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TableTopOpera Presents Gustav Mahler's Kindertotenlieder

March 22, 2016
07:00 PM - 09:00 PM
Interfaith Chapel River Campus

Based on a series of poems by Friedrich Rückert, Gustav Mahler’s song cycle Kindertotenlieder underscored a frightening fact of early 20th century life: high rates of child mortality. Due to poor sanitation and diet, and poor pediatric health care, one in ten children died before their fourth birthday. While writing the songs, Mahler tried to imagine how he would feel if one of his own children had died.  Then, in 1907, Mahler’s own daughter Maria Anna died of scarlet fever at the age of four. Mahler was devastated, and by the time of Maria Anna’s passing, he claimed that he “could not have written these songs anymore.”

Although child mortality rates have fallen dramatically since Mahler’s time, they are still extremely high, not just in Third-World countries, but also in American inner cities. For example, Monroe County’s infant mortality rate increased 9% from 2004 to 2010 and is 43% higher than the rate statewide. This disturbing statistic is echoed by the facts that child poverty rates in the city of Rochester are 7th highest in the nation and that one in four kids from Monroe County live below the poverty line.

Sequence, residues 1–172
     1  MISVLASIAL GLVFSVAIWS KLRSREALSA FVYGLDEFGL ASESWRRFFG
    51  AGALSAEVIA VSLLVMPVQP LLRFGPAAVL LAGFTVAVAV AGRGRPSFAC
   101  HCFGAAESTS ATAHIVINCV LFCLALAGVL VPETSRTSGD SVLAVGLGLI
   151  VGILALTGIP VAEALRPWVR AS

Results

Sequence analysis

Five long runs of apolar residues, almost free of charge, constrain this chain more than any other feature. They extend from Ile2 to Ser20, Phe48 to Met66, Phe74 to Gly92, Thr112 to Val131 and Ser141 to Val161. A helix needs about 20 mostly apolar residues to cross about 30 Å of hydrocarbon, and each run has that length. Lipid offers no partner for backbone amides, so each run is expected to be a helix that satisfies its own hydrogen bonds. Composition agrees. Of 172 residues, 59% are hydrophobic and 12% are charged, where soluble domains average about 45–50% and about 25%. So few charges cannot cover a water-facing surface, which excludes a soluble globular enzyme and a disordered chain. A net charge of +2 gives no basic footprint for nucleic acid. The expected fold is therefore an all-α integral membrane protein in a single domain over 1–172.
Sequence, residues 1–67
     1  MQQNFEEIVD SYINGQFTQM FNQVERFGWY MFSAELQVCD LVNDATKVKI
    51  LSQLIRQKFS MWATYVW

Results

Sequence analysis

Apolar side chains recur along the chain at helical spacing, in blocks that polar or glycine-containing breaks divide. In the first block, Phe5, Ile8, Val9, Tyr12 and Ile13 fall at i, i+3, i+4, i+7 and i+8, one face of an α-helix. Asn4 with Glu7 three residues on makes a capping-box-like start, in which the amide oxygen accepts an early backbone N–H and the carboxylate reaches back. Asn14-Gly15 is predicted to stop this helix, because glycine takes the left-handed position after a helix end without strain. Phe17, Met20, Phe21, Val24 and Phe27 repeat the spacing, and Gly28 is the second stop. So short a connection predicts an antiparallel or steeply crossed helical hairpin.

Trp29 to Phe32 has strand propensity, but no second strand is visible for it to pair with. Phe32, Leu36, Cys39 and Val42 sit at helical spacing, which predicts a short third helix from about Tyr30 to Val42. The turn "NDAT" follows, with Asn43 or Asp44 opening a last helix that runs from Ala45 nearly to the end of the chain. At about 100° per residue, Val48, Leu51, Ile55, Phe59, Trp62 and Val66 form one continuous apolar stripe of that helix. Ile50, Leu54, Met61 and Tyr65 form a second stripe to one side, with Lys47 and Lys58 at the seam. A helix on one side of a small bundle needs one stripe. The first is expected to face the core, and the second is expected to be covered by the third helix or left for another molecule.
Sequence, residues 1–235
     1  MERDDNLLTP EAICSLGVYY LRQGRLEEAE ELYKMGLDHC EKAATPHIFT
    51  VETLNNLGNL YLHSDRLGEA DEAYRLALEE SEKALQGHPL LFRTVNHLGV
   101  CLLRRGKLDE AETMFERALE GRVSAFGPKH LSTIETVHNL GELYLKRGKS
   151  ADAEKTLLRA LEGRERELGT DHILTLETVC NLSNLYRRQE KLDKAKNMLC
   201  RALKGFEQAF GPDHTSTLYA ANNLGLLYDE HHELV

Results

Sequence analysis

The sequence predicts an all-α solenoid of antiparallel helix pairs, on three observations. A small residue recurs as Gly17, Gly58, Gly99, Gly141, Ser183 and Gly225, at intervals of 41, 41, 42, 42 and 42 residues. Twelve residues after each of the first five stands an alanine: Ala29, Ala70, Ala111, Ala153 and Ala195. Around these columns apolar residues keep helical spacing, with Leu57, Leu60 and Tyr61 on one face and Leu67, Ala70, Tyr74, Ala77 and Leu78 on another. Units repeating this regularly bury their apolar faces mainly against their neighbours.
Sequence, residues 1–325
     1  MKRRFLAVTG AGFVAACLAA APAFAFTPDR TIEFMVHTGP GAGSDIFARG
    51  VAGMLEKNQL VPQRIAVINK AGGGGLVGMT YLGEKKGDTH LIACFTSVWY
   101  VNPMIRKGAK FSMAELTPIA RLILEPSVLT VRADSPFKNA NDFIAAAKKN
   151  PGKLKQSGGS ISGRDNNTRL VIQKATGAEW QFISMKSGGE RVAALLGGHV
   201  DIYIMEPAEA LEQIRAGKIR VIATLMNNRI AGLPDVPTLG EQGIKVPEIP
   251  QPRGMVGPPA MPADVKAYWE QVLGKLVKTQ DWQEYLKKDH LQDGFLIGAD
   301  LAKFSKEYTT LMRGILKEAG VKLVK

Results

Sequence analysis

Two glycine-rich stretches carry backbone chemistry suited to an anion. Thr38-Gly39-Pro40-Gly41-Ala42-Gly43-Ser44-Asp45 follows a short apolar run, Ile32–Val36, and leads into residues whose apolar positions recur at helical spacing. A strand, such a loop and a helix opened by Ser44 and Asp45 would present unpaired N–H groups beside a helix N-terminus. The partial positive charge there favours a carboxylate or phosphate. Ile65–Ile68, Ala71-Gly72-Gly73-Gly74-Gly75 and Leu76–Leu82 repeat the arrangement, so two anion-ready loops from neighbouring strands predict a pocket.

To draw attention to the continuing problems of child mortality and child poverty in Rochester, TableTopOpera will present a new version of Mahler’s Kindertotenlieder, accompanied by a mixture of historical and contemporary photographs of children in Rochester. The images include 19th century bereavement photographs from the archives of the George Eastman Museum as well as those of Dr. George W. Gover, Public Health Officer for the City of Rochester (1896-1932) and pioneer in the fight against child mortality. The musical commentary will be performed by faculty, students, alumnae, and friends of the Eastman School of Music and will interleaf each song in Mahler’s collection with material from related works by Mahler, Richard Wagner, Arnold Schoenberg, and Thelonius Monk.

Sponsored by the Department of Religion and Classics and the Center for Jewish Studies at the University of Rochester.  For more information, call (585) 275-5378. 

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